Alpine bullhead

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Cottus poecilopus
Cottus poecilopus sex.jpg
Conservation status
Scientific classification
Kingdom: Animalia
Phylum: Chordata
Class: Actinopterygii
Order: Scorpaeniformes
Family: Cottidae
Genus: Cottus
Species: C. poecilopus
Binomial name
Cottus poecilopus
Heckel, 1837

The Alpine bullhead[2] or Siberian bullhead (Cottus poecilopus) is a species of freshwater fish in the Cottidae family of sculpins. It is found in Belarus, China, the Czech Republic, Denmark, Estonia, Finland, Germany, North Korea, Latvia, Lithuania, Moldova, Norway, Poland, Romania, Russia, Slovakia, Slovenia, Sweden, and Ukraine. This fish is listed as being of "Least Concern" by the IUCN.[1]

Description[edit]

The Alpine bullhead has a large broad head and tapering body, large fins and a rounded tail. The eyes are located near the top of the head. This fish resembles the European bullhead and the freshwater form of the fourhorn sculpin. It can be told from the former by the fact that the innermost ray of its pelvic fins is shorter than the outermost ray rather than being of similar length. It can be distinguished from the fourhorn sculpin by the fact that the dorsal and anal fins terminate close to the tail giving a short caudal peduncle. When it rests on the bottom, the pectoral fins flare out resembling wings. The Arctic bullhead is usually about 5 to 8 cm (2.0 to 3.1 in) long with a maximum of 12 cm (5 in). It is light brown mottled with darker colour. The pelvic fins are spotted with darker colour and appear banded when bunched as against the European bullhead's clear fins.[3]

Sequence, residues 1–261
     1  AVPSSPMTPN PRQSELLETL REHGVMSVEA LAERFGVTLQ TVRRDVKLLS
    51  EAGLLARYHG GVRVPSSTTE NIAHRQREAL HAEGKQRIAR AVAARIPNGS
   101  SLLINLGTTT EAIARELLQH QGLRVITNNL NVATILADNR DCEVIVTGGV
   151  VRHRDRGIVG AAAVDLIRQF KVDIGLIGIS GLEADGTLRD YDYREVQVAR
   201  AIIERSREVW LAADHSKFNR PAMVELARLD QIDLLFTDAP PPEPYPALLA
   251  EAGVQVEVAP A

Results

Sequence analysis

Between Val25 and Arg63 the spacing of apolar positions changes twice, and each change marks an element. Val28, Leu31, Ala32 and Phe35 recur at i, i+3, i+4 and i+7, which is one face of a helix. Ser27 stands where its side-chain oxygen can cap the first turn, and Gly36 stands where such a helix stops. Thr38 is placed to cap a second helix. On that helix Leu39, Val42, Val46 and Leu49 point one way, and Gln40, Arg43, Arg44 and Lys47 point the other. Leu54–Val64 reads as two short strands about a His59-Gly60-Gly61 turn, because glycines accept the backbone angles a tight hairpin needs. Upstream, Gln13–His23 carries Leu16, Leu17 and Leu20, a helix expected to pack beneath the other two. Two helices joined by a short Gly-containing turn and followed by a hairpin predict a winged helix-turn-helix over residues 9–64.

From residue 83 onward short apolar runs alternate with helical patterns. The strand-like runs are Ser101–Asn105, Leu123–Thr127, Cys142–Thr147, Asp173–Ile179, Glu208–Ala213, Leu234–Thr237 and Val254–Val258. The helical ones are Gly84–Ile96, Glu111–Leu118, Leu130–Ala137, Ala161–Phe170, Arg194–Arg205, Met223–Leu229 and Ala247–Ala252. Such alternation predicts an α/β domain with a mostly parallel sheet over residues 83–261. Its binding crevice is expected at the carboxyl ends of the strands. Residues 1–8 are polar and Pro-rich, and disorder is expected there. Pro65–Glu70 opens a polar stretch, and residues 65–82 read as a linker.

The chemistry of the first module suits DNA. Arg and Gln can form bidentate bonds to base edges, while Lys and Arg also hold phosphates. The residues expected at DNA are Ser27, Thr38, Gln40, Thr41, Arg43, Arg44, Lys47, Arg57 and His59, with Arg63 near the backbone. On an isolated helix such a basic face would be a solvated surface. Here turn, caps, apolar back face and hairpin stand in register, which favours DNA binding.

Distribution and habitat[edit]

The Alpine bullhead is found in northern and central Europe in upland and coldwater streams and lakes in mountain regions.[1]

Biology[edit]

The Alpine bullhead feeds on insects, crustaceans and small invertebrate prey that it finds on the bed of the stream. It is generally nocturnal but becomes diurnal in the Arctic during the winter. In spring, when the water temperature rises to 5 °C (41 °F), a male will prepare a nest site under a large stone and several females will lay their eggs in it. The male then guards the nest for the month or so until the eggs hatch.[1][3]

References[edit]

  1. ^ a b c d Freyhof, J.; Kottelat, M. (2008). "Cottus poecilopus". IUCN Red List of Threatened Species. Version 2013.1. International Union for Conservation of Nature. Retrieved 2013-12-17. 
  2. ^ Froese, Rainer and Pauly, Daniel, eds. (2006). "Cottus poecilopus" in FishBase. April 2006 version.
  3. ^ a b "Alpine bullhead: Cottus poecilopus". NatureGate. Retrieved 2013-12-17.